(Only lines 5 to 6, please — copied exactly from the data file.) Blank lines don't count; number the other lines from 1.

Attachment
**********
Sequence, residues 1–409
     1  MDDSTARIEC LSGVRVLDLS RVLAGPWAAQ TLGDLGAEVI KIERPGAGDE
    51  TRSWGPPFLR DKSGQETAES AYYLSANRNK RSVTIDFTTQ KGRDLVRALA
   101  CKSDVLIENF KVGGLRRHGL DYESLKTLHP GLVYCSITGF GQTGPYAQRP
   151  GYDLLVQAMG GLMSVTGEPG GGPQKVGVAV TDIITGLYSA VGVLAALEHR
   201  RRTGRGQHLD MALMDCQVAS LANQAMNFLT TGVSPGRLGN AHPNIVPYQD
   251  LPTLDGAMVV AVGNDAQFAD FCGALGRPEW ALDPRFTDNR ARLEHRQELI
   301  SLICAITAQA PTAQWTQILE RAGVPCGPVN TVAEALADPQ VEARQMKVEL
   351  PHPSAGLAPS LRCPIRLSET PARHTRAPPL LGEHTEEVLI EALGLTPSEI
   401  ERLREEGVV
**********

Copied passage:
   151  GYDLLVQAMG GLMSVTGEPG GGPQKVGVAV TDIITGLYSA VGVLAALEHR
   201  RRTGRGQHLD MALMDCQVAS LANQAMNFLT TGVSPGRLGN AHPNIVPYQD